Interview with Catherine DeLoach Lewis (part 2)
In Part Two of my interview with Catherine DeLoach Lewis, I asked her about codependency, and what she has seen in her work with survivors who are trying to recover from domestic abuse.
My questions are in italics, Cathy’s answers are in plain font.
Go here for Part One of the interview.
* * *
What are your views about the term ‘co-dependency’ being used in the field of domestic abuse?
Let me first share my belief about co-dependency or co-addiction as it has also been called. Because I believe we are all addicted to someone or something, we all also act in co-dependent ways. Notice that I say ACT in co-dependent ways. Co-dependency is not a disease but learned coping behaviors to survive chaos. The term was created in the 1970’s. Those working with drug and alcohol addicts believed that when the addict became sober and began their recovery work, that the family would also recover. They discovered that the opposite happened. The family system tended to get more chaotic and dysfunctional. Why? The co-dependent did not know what to do if she was not focused on her spouse’s addiction.
Where there is an addict, there is a co-addict. The system we are in — family, church, work, friendships, marriage, etc.) — feeds this very dysfunctional and un-Christ-centered dynamic. And the reason the dynamic is not Christ-centered is because the person acting co-dependently, unconsciously gives away her power to another while also thinking that she has control to change another so she can feel better about herself. Where is Christ in this dynamic? Only Christ has the power to change another person and even He provides choice to choose Him.
Please read this definition (there are many) and then I will talk about co-dependency being used in the field of domestic abuse.
Codependency is a complex emotional disorder which results from long-term exposure to a dysfunctional family system. Rescuing, caretaking and controlling are central characteristics of codependency. Its root is an unmet need for love and security. God instituted the family as the primary environment through which those needs are met. When these God-given needs are blocked, family members often emerge with a lack of objectivity, a warped sense of responsibility, a propensity to control and be controlled by others, feelings of hurt, anger, guilt and loneliness.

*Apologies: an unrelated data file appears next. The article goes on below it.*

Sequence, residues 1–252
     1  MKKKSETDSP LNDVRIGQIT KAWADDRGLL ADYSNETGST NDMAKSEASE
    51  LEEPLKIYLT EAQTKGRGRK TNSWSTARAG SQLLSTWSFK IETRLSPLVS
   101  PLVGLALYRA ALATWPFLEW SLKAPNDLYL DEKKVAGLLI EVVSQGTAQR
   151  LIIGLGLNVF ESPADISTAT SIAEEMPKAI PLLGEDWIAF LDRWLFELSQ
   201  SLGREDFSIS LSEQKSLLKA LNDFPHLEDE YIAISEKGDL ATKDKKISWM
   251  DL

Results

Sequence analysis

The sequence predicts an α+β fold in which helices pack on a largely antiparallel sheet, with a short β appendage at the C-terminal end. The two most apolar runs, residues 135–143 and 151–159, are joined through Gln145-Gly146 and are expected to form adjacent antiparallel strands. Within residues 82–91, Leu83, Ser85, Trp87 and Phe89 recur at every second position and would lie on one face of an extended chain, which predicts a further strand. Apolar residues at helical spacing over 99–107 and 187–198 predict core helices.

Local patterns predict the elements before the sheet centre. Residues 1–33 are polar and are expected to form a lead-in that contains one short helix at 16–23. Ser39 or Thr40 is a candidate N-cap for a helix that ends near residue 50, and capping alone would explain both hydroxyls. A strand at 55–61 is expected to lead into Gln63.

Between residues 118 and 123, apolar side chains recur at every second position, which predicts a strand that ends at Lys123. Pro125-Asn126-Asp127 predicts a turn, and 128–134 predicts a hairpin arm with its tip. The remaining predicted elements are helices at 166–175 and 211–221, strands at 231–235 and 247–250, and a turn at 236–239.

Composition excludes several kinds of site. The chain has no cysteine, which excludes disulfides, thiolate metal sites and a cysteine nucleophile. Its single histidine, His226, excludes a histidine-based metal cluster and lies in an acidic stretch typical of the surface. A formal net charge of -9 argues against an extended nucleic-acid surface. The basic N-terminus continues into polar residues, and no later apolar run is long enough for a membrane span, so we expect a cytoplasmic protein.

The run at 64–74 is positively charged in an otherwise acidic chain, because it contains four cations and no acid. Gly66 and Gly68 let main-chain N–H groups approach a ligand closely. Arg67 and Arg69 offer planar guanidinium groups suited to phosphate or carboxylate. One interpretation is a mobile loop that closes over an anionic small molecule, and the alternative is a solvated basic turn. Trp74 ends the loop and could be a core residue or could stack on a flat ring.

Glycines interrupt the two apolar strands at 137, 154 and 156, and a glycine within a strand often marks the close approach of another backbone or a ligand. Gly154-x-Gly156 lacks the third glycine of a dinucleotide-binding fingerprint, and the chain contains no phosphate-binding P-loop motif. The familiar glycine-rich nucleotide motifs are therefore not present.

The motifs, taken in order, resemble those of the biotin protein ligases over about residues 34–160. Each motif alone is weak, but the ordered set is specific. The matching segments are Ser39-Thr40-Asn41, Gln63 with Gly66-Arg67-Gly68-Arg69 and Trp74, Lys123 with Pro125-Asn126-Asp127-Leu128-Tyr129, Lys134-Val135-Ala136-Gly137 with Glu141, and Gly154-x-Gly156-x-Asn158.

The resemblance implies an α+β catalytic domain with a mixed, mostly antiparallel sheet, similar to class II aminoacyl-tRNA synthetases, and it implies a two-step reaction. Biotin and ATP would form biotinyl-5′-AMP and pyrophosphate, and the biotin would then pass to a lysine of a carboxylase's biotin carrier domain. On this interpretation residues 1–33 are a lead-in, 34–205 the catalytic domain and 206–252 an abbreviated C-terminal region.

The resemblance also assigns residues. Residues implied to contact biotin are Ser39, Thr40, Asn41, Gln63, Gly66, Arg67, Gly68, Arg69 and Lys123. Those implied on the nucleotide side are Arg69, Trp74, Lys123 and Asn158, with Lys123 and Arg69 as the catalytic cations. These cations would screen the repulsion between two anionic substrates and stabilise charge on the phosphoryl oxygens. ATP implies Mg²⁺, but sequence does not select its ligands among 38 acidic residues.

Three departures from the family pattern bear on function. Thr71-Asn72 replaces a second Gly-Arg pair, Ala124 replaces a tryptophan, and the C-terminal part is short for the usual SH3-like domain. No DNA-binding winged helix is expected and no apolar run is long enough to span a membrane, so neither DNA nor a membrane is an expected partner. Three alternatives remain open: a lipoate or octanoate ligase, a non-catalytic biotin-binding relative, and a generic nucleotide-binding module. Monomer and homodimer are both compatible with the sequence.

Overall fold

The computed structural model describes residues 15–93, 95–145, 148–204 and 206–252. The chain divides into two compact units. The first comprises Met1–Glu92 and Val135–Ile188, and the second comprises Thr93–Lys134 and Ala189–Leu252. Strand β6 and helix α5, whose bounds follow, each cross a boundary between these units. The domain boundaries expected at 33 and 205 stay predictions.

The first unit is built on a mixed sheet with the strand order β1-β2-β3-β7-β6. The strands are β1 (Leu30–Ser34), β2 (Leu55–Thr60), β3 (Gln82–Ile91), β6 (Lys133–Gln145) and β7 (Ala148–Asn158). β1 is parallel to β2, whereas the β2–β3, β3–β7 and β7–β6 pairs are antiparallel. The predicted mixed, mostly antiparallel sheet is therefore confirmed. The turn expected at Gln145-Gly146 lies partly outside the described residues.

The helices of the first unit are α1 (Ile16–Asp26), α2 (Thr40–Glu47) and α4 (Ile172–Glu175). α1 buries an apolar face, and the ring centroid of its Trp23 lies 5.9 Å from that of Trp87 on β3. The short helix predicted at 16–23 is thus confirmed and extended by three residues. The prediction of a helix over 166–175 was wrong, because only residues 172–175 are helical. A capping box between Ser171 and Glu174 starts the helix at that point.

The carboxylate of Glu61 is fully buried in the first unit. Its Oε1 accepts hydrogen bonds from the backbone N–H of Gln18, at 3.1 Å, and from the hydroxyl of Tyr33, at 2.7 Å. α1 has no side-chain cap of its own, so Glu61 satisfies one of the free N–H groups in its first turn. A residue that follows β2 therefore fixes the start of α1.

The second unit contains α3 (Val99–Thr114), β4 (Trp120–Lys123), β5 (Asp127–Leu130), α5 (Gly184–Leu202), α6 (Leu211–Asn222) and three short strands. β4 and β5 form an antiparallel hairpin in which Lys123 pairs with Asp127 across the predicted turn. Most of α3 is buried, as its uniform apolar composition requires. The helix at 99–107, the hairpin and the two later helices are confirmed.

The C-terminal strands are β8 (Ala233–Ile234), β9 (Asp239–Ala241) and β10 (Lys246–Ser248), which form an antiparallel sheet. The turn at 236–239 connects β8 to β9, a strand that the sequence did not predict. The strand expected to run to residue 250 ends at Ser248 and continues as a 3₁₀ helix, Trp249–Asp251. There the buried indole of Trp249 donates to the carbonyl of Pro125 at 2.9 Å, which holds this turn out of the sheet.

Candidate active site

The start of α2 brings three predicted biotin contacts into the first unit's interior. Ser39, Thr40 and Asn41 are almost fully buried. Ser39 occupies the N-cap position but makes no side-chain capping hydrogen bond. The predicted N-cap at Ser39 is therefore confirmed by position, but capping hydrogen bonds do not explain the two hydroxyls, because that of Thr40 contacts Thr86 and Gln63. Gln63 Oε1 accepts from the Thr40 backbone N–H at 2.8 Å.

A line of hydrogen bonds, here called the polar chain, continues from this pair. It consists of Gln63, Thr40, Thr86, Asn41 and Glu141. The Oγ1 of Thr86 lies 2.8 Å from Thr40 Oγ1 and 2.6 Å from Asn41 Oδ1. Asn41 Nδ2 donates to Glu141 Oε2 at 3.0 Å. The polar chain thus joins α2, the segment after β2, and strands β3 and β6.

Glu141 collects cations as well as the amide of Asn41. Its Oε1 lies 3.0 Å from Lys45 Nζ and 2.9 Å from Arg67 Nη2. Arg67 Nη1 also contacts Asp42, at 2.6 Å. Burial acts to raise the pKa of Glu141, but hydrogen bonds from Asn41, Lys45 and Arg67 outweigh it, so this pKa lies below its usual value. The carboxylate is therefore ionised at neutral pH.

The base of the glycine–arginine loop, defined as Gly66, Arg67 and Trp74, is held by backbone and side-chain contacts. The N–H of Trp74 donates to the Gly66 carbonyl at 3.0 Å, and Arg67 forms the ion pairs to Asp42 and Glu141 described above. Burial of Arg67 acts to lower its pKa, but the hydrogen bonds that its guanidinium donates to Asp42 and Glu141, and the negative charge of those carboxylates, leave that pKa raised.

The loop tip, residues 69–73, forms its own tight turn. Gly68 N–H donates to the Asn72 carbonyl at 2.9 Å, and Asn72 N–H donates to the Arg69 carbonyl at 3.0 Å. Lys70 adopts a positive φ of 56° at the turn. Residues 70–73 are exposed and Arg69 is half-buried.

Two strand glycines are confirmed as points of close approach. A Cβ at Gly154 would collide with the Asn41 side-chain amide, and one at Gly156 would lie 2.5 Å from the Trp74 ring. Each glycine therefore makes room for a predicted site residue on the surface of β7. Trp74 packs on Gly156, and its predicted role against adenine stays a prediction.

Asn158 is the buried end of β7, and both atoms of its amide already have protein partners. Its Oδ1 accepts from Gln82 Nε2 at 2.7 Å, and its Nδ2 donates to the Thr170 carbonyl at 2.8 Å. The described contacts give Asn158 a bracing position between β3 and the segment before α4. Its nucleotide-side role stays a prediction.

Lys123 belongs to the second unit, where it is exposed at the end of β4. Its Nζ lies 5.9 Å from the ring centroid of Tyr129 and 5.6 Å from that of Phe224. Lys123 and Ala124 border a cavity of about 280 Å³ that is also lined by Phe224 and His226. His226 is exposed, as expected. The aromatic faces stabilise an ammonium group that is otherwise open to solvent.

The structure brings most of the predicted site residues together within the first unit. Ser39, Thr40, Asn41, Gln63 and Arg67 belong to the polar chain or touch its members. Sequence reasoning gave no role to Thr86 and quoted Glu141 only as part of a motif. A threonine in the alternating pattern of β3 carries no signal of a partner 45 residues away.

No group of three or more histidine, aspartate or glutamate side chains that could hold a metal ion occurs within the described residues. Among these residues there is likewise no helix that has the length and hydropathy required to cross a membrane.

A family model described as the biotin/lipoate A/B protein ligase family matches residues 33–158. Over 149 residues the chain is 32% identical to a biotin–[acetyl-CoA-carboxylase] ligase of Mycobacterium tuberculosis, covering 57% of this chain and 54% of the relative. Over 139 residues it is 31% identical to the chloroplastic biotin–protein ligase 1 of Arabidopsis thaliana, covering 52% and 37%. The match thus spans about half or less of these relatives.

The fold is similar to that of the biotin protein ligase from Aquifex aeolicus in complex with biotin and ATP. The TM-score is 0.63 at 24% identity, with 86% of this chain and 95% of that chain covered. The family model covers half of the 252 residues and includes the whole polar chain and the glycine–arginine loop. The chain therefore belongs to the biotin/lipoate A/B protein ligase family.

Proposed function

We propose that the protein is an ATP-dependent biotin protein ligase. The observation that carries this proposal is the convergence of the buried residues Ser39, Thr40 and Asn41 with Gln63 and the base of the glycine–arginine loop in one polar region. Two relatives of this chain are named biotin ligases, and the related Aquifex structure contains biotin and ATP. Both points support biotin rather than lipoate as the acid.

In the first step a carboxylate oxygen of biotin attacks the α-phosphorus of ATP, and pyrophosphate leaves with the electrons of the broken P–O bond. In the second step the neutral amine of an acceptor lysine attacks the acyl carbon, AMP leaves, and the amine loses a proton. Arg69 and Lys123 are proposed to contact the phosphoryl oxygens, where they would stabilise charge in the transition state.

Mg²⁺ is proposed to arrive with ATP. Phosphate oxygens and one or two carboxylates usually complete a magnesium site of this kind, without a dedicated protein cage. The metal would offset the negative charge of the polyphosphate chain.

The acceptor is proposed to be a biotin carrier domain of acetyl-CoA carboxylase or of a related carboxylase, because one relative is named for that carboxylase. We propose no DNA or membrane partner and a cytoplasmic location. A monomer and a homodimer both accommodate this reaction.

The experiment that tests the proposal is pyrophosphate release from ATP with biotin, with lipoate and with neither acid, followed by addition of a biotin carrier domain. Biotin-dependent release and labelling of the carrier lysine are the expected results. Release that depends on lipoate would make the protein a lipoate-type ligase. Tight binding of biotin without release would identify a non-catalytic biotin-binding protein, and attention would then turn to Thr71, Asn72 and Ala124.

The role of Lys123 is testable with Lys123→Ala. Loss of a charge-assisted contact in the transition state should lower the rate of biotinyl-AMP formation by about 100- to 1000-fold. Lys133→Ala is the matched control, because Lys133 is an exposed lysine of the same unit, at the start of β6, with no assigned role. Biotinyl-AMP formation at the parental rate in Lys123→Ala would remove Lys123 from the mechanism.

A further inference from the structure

Although many codependents outwardly appear ‘on top of the world’, their inner life is often governed by a deep sense of shame and low self-esteem. Adapted from Dying for a Drink, Anderson Spickard, M.D. and Barbara R. Thompson, Word Publishing, 1985.
Over the years the definition of co-dependency has been revised by many people. I choose not to agree with the portion of this definition that describes codependency as “a complex emotional disorder…” Instead I’ve highlighted the portion of the definition that I have noticed in my work with victims of domestic violence. As mentioned earlier, I believe it is a complex behavioral response based on a belief system that is learned and can therefore be unlearned. The purpose codependent behaviors serve is to provide physical, emotional, mental and spiritual safety in the midst of chaos and often abuse from others.
In the context of domestic violence, victims need to act codependently for safety until their codependent behaviors don’t work anymore. But I don’t use this term with my clients who are in abusive relationships because this term can be misunderstood. They may perceive that I am blaming them for the abuse in their relationship. Even if my client uses codependent to describe herself, I reframe it and place her behaviors in the context of her acting this way for her safety. When my client has a safe support system outside of therapy, feels and believes she is safe with me, has physically separated from her abuser, and is ready to look at her role in the cycle of abuse in her life, then we talk about codependency and her enabling the cycle but not ever being responsible for the abuser’s abusive behaviors.